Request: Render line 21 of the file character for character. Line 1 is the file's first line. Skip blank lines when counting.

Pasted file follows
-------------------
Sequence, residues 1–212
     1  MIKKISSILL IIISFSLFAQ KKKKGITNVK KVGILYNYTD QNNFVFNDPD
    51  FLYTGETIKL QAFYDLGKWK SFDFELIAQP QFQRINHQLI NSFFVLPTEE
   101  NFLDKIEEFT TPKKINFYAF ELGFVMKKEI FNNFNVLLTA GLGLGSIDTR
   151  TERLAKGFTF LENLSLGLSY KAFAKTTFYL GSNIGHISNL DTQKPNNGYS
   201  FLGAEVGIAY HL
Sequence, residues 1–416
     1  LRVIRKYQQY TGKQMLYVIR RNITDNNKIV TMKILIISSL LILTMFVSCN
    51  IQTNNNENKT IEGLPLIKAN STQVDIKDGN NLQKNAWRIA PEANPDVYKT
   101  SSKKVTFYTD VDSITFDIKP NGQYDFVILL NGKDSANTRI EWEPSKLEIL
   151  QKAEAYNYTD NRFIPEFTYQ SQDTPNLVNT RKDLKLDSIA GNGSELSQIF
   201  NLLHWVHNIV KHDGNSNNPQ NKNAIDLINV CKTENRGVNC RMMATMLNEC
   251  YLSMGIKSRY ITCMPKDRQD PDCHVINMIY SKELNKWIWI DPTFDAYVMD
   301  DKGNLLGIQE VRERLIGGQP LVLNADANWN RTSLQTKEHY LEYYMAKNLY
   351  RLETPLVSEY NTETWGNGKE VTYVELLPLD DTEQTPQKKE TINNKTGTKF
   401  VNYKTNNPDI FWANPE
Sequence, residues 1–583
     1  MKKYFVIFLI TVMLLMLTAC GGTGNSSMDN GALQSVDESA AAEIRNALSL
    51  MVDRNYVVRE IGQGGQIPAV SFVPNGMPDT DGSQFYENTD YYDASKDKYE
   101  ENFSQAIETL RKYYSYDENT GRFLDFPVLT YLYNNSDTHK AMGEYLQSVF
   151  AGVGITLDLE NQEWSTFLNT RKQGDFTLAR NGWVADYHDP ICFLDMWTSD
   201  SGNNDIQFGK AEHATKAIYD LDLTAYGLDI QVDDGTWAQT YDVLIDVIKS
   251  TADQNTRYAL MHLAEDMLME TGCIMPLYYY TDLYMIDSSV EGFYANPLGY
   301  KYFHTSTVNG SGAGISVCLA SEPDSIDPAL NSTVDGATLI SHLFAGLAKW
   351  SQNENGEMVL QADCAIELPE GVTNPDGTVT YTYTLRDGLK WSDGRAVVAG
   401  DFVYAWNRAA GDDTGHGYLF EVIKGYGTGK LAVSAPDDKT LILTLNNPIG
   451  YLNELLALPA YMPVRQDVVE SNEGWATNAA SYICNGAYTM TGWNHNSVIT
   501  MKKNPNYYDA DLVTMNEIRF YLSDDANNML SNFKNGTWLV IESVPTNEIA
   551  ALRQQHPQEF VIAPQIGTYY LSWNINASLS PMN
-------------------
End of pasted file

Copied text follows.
   151  AGVGITLDLE NQEWSTFLNT RKQGDFTLAR NGWVADYHDP ICFLDMWTSD